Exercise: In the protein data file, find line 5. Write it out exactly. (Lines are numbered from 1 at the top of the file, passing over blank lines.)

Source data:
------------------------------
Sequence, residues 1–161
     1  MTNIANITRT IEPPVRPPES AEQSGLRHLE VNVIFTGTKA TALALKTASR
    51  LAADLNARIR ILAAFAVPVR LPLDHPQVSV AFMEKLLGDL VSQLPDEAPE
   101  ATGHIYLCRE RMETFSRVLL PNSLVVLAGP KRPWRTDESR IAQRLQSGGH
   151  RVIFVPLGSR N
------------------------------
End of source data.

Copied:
   151  RVIFVPLGSR N